Her hand-painted pieces, which often feature psychedelic flora and fauna and words like “love” and “earth,” take days to complete. In addition to the small-batch feel, their Summer of Love nostalgia is part of the appeal: “In a time where the world is really dark and scary, it’s nice to just look at a pair of pants that has butterflies and lilies on it.”
Both designers draw a direct line between their success and our changing views on consumption. Says Johnstone, “I think especially during COVID times and this crazy traumatic transition and weird year everybody’s had, people are really starting to be super interested in buying brands and products that are sustainable and small, and thoughtful. People want to feel special.” Labels like hers have flourished “because people are moving away from this mass-produced culture that we’ve become so addicted to. In the age of Amazon Prime and fast fashion, I think people are really craving something that’s a little bit more special and has a story behind it.”
Adds Williams: “These personalized 1/1 pieces are also an alternative to bigger brands that make dubious claims to sustainability and fair labor practices because the line from customer to maker is even more direct and transparent with an operation like ours. I don’t necessarily think what we’re doing represents any kind of actual solution to the problems that fast fashion presents because what we do is by design not really scalable, but I think it is a good transitional option while the larger fashion industry gets sorted out.”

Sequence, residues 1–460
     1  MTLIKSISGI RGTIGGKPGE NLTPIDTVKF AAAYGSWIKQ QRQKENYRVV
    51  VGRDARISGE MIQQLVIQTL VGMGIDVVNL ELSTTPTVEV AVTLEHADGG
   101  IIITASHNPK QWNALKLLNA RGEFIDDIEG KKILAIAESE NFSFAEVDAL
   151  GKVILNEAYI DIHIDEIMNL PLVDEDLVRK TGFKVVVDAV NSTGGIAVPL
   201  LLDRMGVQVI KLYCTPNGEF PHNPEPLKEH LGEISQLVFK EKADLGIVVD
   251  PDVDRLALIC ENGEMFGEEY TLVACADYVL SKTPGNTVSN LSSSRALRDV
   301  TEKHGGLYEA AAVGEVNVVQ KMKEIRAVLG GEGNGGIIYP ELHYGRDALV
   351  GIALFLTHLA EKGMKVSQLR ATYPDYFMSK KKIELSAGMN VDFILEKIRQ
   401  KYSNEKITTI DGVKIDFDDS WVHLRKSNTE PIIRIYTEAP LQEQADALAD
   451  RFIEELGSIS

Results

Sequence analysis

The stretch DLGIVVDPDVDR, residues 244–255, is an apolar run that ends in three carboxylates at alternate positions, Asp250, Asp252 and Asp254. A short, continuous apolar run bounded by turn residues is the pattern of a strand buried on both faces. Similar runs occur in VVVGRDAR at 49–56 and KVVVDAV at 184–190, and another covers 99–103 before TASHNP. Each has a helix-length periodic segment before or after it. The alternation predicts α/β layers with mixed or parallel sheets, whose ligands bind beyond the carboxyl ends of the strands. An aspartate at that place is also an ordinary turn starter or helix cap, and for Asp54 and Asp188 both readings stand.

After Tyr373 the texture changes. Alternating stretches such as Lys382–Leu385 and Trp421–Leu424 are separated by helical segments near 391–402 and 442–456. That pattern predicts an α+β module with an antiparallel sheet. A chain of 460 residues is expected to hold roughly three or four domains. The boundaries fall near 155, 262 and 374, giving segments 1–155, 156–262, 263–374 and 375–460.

Both seem content to keep their operations relatively small and homegrown for the time being, which is refreshing in an age of constant pushes for expansion. While Johnstone says she’s been “approached by a lot of different brands” about collaborations, she hasn’t yet waded in, as she’s still waiting for the right opportunity. She also gets hundreds of DM’s and emails a week from “people asking me to paint on weird shit: their shoes, their Ugg boots, their purses,” but “I try to keep everything pretty streamlined to my brand.” While she first began working with upcycled items, she now produces her own cut-and-sew pieces and plans on branching into hand-painted silk styles soon.
“Surprisingly, doing the pieces for Virgil did not in itself bring my work to a much larger audience,” Williams says, “but it did definitely lend some serious credibility to the operation…It was also obviously a huge honor for me and made me reconsider the possibilities of what Small Talk could be,” he says. “There was some talk about working together on a few Off-White pieces for their upcoming collection at the time, but I think that Virgil stays so busy that we weren’t quite able to make that happen.”
“He knows where to find me if there’s ever another opportunity to join forces,” he adds.